Hullinger said it’s not uncommon for detectives to do unrecorded interviews early in an investigation. However, the detectives needed audio or video. Without it, a defense attorney could claim the detectives fabricated or exaggerated parts of their report.
By November, the investigation was taking a toll on many of the people involved.
One of the alleged victims told Verboomen, the counselor, she was angry that Jarvis was still working.
“See?” she said, “I knew no one would believe me.” Several additional detectives began doing recorded follow-up interviews. But by then, people were changing their stories.
In July, Pacific County Jail Corrections Officer Tony Kimball, a close friend of Jarvis, had given an eyebrow-raising, but unrecorded interview. Asked if the allegations surprised him, he allegedly answered, “Yes and no.” Kimball told detectives he once asked Jarvis if any of the rumors were true, but “forgot” how Jarvis responded.
“Maybe I forgot,” Kimball told the detectives. “Maybe we’re friends.” When detectives tried to talk to Kimball again in early December, he refused to speak with them.
Hedstrom approached Jennifer while she was shopping with her grandmother in December. Jennifer promised to follow up later that day, but didn’t. When Hedstrom and another detective went to the grandmother’s home, the woman said Jennifer didn’t want to talk to them, and had made the whole thing up.
“[Jennifer] has a history of lying and making things up when she is using [drugs],” the grandmother said.
The Observer asked Hullinger to find out why detectives did not pursue this and some other leads further. He didn’t respond before the paper’s publication deadline.
“I would just reiterate these investigations go where they take us,” Hullinger said. “We are very careful not to make up something where there isn’t something, or make something bigger than it appears to be.”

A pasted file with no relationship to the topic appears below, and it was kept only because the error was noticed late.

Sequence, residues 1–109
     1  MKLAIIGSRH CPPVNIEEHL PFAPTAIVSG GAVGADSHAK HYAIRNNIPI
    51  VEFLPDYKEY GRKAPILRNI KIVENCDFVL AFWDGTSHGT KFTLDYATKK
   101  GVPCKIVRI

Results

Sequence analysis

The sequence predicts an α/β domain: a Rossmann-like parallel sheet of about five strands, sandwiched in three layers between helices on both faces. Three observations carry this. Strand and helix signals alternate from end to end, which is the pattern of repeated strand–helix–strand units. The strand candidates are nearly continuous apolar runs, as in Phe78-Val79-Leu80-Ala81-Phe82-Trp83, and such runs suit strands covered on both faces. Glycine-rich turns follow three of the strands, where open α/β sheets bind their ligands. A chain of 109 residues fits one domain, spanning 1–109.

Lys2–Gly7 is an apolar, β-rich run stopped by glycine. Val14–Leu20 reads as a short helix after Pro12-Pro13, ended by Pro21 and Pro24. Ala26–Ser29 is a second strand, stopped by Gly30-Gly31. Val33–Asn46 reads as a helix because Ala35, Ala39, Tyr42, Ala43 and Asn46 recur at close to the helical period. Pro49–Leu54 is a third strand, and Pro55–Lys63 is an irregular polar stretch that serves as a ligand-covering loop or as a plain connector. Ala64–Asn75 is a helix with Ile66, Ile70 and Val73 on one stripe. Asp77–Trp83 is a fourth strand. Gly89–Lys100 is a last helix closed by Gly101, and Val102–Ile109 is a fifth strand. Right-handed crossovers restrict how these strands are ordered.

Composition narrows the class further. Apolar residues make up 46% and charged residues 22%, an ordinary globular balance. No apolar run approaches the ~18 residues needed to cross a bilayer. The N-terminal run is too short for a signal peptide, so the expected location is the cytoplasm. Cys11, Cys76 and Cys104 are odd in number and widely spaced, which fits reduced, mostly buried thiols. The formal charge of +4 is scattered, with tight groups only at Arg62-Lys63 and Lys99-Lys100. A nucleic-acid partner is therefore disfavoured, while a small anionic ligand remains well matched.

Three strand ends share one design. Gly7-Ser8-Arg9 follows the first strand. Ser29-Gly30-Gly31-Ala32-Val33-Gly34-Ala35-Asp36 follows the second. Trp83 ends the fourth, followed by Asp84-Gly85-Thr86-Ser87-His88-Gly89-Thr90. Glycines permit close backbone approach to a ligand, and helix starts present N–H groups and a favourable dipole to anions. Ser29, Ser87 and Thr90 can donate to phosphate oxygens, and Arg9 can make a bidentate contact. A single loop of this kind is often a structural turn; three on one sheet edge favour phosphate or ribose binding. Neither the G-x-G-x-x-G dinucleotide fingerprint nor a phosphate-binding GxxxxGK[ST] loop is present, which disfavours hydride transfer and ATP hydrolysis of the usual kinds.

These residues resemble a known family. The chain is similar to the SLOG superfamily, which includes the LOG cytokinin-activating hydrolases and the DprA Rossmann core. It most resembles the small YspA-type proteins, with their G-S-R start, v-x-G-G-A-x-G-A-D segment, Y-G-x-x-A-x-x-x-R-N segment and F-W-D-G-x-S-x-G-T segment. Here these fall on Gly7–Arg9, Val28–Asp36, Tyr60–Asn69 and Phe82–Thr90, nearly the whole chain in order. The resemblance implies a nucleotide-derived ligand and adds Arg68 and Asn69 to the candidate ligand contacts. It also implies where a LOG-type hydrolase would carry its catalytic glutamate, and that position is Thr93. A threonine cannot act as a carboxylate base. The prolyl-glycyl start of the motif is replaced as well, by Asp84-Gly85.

By early 2018, detectives had a whole lot of nothing — allegedly incriminating phone and social media records they couldn’t view, disappearing witnesses they didn’t track down and many conflicting stories. They’d spoken to Ella again about the alleged groping incident. Her story was consistent, but her description of Jarvis’ vehicle had changed, and she said she had smoked marijuana before the incident. Hedstrom wasn’t sure the girl’s memory was reliable.
She closed the investigation in April 2018.
“The allegation that Officer Sean Jarvis had sexual contact with several Raymond High School students cannot be confirmed,” she wrote in conclusion.
Chief Spoor asked Lewis County Prosecutor Jonathan Meyer to decide whether to press criminal charges against Jarvis. He also asked the Lewis County Sheriff’s Office and a private attorney who specializes in workplace inquiries to determine whether Jarvis violated Raymond PD policies. The internal investigations concluded recently, but have not yet been released to the Observer.
“Certainly, there are some very serious allegations. However, the allegations that are criminal in nature cannot be proven beyond a reasonable doubt,” Meyer wrote in a May 31 letter. “As a result, charges would not be appropriate.”
Spoor placed Jarvis on leave after the investigation concluded. He will remain on leave until Spoor decides whether to terminate him — a decision he expects to make soon. Spoor expects some citizens to criticize him for being too soft on Jarvis, others for being too hard on him.
“I’m open to criticism on that. People can disagree. I get it,” Spoor said. “I was trying to do the right thing for everyone involved.”
Follow-up reporting will look into the results of Raymond Police Department’s internal investigation and related matters.